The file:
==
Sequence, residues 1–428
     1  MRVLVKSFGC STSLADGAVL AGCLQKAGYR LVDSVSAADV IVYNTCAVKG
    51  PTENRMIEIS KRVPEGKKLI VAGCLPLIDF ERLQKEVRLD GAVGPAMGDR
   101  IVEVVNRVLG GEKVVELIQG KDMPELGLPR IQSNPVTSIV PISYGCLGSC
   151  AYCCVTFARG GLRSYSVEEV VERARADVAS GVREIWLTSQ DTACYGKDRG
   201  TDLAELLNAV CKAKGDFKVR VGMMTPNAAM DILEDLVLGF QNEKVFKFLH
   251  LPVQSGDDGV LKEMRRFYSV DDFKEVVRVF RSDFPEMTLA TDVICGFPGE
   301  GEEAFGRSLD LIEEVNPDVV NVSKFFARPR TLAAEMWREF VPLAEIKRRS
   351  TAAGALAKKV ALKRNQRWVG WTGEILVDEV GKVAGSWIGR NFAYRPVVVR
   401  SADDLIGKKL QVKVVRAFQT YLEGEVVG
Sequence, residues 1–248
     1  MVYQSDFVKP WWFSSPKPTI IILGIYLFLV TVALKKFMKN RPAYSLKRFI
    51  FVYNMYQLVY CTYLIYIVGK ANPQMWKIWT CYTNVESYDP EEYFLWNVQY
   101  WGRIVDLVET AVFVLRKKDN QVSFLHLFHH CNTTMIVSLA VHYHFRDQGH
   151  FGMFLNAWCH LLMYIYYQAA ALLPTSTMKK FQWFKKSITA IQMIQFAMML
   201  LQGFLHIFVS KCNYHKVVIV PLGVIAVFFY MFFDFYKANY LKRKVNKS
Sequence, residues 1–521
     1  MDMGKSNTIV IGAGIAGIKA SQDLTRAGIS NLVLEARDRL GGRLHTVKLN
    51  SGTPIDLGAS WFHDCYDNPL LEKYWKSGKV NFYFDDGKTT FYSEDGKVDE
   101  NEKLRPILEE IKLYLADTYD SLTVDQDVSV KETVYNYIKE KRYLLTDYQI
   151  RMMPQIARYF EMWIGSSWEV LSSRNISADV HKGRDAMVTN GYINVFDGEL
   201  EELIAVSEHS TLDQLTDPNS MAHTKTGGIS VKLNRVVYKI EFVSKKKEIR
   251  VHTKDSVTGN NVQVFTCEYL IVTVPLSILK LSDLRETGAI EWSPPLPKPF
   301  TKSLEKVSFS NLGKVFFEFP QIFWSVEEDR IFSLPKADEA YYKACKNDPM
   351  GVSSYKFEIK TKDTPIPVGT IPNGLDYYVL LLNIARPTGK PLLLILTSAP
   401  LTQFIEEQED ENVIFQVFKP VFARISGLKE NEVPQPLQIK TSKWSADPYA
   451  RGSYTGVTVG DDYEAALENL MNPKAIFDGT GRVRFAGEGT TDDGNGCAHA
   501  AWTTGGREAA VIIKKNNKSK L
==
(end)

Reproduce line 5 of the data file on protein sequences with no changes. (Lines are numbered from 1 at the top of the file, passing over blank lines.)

   151  AYCCVTFARG GLRSYSVEEV VERARADVAS GVREIWLTSQ DTACYGKDRG